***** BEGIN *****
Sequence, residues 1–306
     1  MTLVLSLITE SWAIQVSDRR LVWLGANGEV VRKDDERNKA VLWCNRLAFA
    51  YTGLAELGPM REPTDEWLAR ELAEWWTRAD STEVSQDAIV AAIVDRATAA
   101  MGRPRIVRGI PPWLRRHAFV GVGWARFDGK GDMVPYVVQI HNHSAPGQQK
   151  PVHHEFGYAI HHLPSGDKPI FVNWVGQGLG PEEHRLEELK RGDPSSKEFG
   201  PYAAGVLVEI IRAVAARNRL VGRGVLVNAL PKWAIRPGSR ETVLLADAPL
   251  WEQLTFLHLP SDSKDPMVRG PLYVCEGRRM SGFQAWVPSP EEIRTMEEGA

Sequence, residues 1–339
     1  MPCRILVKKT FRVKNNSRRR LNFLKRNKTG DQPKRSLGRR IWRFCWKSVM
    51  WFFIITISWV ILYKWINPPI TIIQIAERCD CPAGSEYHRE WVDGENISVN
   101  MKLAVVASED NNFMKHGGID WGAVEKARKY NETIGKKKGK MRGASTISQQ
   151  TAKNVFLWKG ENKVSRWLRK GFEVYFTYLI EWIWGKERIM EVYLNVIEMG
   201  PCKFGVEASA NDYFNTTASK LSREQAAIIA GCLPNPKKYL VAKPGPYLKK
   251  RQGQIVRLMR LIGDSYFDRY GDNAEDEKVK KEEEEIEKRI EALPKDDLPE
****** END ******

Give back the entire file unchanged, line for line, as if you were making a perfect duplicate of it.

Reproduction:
Sequence, residues 1–306
     1  MTLVLSLITE SWAIQVSDRR LVWLGANGEV VRKDDERNKA VLWCNRLAFA
    51  YTGLAELGPM REPTDEWLAR ELAEWWTRAD STEVSQDAIV AAIVDRATAA
   101  MGRPRIVRGI PPWLRRHAFV GVGWARFDGK GDMVPYVVQI HNHSAPGQQK
   151  PVHHEFGYAI HHLPSGDKPI FVNWVGQGLG PEEHRLEELK RGDPSSKEFG
   201  PYAAGVLVEI IRAVAARNRL VGRGVLVNAL PKWAIRPGSR ETVLLADAPL
   251  WEQLTFLHLP SDSKDPMVRG PLYVCEGRRM SGFQAWVPSP EEIRTMEEGA

Sequence, residues 1–339
     1  MPCRILVKKT FRVKNNSRRR LNFLKRNKTG DQPKRSLGRR IWRFCWKSVM
    51  WFFIITISWV ILYKWINPPI TIIQIAERCD CPAGSEYHRE WVDGENISVN
   101  MKLAVVASED NNFMKHGGID WGAVEKARKY NETIGKKKGK MRGASTISQQ
   151  TAKNVFLWKG ENKVSRWLRK GFEVYFTYLI EWIWGKERIM EVYLNVIEMG
   201  PCKFGVEASA NDYFNTTASK LSREQAAIIA GCLPNPKKYL VAKPGPYLKK
   251  RQGQIVRLMR LIGDSYFDRY GDNAEDEKVK KEEEEIEKRI EALPKDDLPE